Mission, British Columbia on TransCanadaHighway.com
Mission sits on a south-facing slope of the Coast Mountains overlooking the lush Fraser River Valley and River. Mission is situated on Scenic Highway 7 between Maple Ridge and Agassiz. Mission has a variety off hillsides and gullies which create natural neighbourhood boundaries and provide spectacular views. The climate is warm & tropical in the summer, and mild & wet in the winter, with flowers blooming throughout the year.
The town's name has changed over the years. "St. Mary's Mission" was registered in 1884, though five years later the railway called it "Mission Junction", though in 1891, it became "Mission City." When it incorporated in 1922, the townsite became the "Village of Mission". In 1957, the Village became the "Town of Mission" and in 1969, the town and the municipality amalgamated to become the "District of Mission."
In 1861, Father Fouquet, a young Oblate Priest from France, chose the site for St. Mary's Indian Residential School just east of the present downtown core of Mission. The mission's grist mill and post office became a community gathering centre. Sternwheelers worked the Fraser until the turn of the century, able to maneuver in very shallow water (by 1920, though, they were used mainly for pleasure excursions). When the Canadian Pacific Railway came in 1883, the Oblates rebuilt their school on the plateau above the original site. When the Fraser River bridge was built in 1891, Mission was connected to communities on the south shore. Silverdale was settled by mostly Italian settlers, Silverhill by Swedish, while Hatzic Prairie was a mostly French-speaking settlers.
In 1891, real estate broker James Welton Horne, foresaw a boomtown, purchased a large tract of land by the bridge and railway line, cleared it, and surveyed streets for a townsite, even building stores, offices, and a hotel for prospective buyers. The area from the Stave River to Hatzic Lake was incorporated in 1892 as the Municipality of Mission (the year of the Great Flood). The area's farms were ideal for fruits and vegetables and everyone, and in 1895, the area had its first annual Agricultural Fair. The forests provided railway ties, hydro poles, shakes and shingles. The area's first newspaper, the Mission City News began publishing in 1893. Canada's first and only train robbery took place in Mission in 1904.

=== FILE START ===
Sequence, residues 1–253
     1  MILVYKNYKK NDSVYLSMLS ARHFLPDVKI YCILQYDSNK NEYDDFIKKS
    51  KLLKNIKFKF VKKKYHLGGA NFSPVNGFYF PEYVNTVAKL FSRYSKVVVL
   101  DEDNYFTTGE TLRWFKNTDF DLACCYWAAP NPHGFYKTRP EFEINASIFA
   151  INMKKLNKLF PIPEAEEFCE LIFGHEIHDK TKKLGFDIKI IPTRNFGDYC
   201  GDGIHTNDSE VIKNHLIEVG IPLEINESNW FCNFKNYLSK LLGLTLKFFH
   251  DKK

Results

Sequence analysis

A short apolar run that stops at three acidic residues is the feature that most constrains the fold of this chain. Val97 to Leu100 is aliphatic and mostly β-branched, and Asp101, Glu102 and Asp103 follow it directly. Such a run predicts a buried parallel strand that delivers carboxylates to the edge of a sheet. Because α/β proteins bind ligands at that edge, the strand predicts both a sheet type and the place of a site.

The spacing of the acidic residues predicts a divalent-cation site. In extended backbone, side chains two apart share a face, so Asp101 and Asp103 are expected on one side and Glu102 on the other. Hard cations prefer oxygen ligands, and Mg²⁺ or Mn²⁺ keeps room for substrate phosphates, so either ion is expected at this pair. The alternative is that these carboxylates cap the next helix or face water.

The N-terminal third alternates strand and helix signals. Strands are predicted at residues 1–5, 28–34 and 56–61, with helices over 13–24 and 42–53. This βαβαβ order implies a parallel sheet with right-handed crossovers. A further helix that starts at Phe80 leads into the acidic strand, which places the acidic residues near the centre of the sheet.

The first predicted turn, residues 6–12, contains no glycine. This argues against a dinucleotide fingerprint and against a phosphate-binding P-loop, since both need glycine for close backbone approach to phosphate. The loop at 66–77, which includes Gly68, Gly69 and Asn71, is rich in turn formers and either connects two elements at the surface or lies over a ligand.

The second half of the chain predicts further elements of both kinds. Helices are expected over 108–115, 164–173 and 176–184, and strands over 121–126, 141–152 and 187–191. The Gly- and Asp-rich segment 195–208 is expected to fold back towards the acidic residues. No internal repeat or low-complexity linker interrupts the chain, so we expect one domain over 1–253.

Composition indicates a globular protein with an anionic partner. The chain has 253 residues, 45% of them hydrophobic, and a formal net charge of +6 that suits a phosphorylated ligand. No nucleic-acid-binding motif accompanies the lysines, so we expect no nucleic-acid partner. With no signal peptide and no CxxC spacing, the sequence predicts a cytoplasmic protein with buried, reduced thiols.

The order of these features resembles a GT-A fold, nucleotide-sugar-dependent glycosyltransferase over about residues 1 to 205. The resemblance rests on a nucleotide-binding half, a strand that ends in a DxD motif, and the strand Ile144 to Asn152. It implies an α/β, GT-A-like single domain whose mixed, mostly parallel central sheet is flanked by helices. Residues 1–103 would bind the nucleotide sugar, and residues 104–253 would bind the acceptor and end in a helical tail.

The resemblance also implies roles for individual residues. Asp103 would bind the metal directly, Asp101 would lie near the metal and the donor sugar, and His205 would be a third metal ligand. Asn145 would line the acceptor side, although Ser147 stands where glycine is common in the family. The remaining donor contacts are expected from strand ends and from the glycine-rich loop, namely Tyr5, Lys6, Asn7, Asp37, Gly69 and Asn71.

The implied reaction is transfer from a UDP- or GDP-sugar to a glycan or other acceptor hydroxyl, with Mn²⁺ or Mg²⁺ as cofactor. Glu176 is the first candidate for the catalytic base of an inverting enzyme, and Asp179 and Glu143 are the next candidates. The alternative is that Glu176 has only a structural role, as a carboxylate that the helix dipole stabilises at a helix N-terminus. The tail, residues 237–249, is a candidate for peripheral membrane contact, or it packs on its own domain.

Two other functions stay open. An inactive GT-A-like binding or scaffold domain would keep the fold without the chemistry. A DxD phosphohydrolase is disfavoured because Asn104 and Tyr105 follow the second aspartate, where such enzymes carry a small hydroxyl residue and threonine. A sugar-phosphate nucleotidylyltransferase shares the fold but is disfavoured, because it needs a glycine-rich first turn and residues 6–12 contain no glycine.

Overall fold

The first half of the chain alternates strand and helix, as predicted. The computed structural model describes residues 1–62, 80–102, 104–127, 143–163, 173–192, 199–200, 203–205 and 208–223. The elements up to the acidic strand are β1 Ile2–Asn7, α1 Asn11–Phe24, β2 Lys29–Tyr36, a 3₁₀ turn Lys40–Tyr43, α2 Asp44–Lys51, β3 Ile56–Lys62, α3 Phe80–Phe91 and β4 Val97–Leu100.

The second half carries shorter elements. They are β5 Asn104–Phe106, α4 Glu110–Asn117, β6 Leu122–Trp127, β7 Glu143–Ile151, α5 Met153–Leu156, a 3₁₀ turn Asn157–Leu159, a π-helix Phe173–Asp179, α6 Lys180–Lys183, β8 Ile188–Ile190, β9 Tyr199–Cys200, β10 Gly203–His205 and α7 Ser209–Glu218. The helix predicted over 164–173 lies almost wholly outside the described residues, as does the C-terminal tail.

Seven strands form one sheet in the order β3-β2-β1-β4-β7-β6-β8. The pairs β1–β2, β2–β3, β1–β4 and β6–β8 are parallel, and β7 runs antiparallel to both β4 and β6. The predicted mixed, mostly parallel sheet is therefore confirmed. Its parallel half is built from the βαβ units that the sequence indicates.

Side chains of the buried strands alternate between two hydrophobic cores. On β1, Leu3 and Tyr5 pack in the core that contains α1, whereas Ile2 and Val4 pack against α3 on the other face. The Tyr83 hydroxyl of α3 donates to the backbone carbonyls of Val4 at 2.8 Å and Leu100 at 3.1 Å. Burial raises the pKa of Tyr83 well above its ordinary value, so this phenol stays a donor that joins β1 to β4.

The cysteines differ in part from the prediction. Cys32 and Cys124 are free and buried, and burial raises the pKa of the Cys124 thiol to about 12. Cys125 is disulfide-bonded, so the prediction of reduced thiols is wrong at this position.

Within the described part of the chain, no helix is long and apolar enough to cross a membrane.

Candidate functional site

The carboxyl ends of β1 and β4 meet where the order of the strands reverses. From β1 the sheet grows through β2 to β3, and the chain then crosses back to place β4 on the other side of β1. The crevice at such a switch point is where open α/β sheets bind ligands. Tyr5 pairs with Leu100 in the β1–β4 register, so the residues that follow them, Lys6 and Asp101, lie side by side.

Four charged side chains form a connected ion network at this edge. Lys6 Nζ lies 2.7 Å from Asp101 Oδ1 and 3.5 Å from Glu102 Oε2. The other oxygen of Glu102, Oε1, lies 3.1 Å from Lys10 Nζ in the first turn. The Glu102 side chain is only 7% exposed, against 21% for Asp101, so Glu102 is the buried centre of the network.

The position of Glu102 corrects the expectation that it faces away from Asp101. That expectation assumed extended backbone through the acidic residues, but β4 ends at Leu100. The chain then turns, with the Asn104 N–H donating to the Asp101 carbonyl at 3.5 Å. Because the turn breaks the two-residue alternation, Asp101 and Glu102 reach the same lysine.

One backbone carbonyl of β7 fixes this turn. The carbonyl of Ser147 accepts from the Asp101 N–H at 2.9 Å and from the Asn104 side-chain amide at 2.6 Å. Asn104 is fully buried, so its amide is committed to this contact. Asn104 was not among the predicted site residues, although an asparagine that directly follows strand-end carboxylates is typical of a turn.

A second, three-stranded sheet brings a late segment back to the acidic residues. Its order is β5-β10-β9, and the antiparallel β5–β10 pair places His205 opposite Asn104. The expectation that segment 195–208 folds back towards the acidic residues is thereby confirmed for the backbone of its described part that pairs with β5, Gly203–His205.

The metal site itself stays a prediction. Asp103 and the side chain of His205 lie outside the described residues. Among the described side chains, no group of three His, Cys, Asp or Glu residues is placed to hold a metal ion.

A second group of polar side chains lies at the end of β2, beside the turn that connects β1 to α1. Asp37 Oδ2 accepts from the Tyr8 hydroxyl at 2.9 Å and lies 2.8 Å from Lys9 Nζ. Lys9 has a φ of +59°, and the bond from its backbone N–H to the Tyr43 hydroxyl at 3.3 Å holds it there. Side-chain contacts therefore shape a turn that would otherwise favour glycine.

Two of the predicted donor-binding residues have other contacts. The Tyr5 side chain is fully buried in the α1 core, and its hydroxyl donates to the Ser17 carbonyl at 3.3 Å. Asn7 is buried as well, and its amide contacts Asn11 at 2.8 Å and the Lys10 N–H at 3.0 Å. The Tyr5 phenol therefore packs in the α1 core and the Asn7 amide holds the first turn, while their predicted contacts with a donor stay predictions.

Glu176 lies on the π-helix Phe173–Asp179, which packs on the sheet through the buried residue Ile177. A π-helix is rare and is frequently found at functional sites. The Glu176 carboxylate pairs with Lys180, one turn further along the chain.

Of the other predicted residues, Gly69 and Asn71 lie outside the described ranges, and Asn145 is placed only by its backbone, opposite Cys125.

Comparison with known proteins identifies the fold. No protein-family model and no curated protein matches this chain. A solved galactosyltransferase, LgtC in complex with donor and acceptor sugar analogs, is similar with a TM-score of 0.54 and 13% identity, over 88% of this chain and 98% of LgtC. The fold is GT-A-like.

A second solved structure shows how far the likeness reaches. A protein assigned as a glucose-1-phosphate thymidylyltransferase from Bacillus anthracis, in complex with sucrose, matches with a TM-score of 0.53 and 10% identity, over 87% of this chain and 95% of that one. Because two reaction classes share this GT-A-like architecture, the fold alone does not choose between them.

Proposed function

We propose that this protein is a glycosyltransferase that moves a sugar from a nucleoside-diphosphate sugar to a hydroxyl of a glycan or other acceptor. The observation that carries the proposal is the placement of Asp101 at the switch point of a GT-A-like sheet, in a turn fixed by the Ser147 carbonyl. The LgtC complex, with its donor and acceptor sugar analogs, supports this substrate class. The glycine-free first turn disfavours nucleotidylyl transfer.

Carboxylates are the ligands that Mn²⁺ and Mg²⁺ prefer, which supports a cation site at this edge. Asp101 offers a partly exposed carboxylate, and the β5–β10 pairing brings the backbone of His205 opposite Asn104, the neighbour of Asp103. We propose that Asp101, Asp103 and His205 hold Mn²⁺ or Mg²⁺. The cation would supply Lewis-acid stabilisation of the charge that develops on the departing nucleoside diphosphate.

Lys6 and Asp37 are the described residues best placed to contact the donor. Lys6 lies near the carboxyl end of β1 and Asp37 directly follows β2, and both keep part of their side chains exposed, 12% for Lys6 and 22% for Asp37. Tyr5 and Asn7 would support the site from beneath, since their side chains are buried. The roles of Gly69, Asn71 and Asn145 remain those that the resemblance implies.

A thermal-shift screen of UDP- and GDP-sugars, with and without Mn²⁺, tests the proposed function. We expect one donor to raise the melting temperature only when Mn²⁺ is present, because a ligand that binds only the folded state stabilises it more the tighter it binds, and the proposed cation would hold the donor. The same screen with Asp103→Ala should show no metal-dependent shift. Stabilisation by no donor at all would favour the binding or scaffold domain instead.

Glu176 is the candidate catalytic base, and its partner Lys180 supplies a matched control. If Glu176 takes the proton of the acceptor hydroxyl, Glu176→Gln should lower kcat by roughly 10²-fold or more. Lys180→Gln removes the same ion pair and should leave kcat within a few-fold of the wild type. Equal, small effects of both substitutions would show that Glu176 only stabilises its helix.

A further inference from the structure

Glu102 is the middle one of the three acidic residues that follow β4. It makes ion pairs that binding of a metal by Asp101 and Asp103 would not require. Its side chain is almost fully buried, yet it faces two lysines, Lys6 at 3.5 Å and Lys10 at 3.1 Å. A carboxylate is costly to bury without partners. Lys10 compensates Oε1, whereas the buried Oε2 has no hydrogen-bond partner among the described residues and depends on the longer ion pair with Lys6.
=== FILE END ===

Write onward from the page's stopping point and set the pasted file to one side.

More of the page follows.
In 1910 the fast-growing town got a new train station, and in 1912, the Stave Falls Dam and electric plant brought industrialization to the area. Mission became the centre of the area's fruit packing and canning operations. Telephone service began in 1907 with a line running from Mission to Hatzic, was taken over by B.C. Telephone in 1929. In 1910, the first automobile arrived in Mission, and by 1916 the Dewdney Trunk had reached Deroche. In 1927, the CPR bridge over the Fraser was planked for car traffic, eliminating long ferry waits, and in 1929 Mission's Main Street (now First Avenue) was paved. By 1930, the Lougheed highway connected all communities on the North Bank of the Fraser.
In 1948 the Fraser River broke through the dykes flooding the entire valley and paralyzing the community until the water subsided. That same year the Municipal Forest Reserve was organized and a forestry program was started in the schools. Westminster Abbey was built on the hill overlooking Hatzic in 1954.
Carving at Hatzlc Rock
Lougheed Hwy. five min-utes east of Mission.